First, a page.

As I peruse the many seed catalogs I receive every winter, I’m always on the lookout for new vegetable varieties. I enjoy experimenting with these crops, sometimes with great success and sometimes not.
This year, I was blown away by all the new offerings from some of my favorite seed sources. I’m going to have to work really hard to narrow down my list of must-have new varieties for this year’s garden. Since one of my goals for 2016 was to grow more of what we eat and less “experimental” stuff, I’m going to choose only a handful of new varieties for my own garden. But here’s a list of some of the most intriguing new releases I found, just in case you’d like to include some of them in your plans. If you do, be sure to let me know how they perform—I’d love to hear your feedback.
If I had a family that loved eggplant, this is the variety I’d grow. Touted as being the “mightiest, meatiest eggplant ever” by the Burpee Seed Company, who features Meatball on the cover of their spring 2016 catalog, this variety is said to produce massive fruits, up to 5 inches across. Unfortunately, I’m the only eggplant eater in the house, so I’ll stick to smaller varieties, like Fairy Tale and Listada di Gandia. But for all you eggplant lovers out there, go ahead and give Meatball a whirl.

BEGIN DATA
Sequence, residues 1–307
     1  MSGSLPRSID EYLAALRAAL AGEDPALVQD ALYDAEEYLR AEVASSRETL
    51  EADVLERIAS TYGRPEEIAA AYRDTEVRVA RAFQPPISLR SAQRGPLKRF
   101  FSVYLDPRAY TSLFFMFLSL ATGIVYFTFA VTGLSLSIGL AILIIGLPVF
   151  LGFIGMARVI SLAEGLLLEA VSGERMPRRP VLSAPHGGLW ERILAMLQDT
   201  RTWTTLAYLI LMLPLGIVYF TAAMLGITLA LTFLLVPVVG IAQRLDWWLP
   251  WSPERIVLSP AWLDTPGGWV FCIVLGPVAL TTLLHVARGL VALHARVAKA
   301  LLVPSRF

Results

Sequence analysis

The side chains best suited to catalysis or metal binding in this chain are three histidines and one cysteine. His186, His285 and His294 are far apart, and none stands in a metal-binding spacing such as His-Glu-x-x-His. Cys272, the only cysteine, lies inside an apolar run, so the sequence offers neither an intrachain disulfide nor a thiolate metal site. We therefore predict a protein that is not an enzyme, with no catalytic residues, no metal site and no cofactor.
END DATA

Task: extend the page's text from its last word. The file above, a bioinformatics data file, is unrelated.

Royal Tenderette Sprouting Broccoli
Another find from the Burpee catalog, this sprouting broccoli is said to send up multiple slender stems, each topped with a small flower cluster. I love sprouting broccoli because it produces multiple side-shoots almost all season long. I’m looking forward to trying this new selection.
Apparently this particular variety takes the guesswork out of harvesting tomatillos. Much like a ground cherry, Gulliver’s’ fruits drop off the plant naturally when they’re ready for harvest. I like this idea, because for me, the ripeness of tomatillos is sometimes difficult to gauge. It’s touted as being extremely prolific, and I have a feeling I’m really going to like it.
Orange Crisp Watermelon
If you have luck growing full-sized watermelons, you may want to try this new offering I found in the Territorial Seed catalog. My family really enjoys orange watermelons, but I’ve never grown a seedless variety before. This hybrid has seedless, tangerine-colored flesh, and each fruit is said to weigh between 14 and 18 pounds! I may try growing a few of these vines in a large, black fabric planter pot so they don’t take up room in the garden.
Lively Italian Orange Pepper
A new selection from High Mowing Seeds, this pepper was bred and developed in Oregon by Tom Lively. Offered for the first time this year, this pepper, and it’s yellow sister, is noted for its thick walls and high yields. Although it’s open-pollinated, Lively Italian Orange is said to compete well quite with hybrids in seed trials in the northeast. The fruits are tapered with sweet, juicy flesh.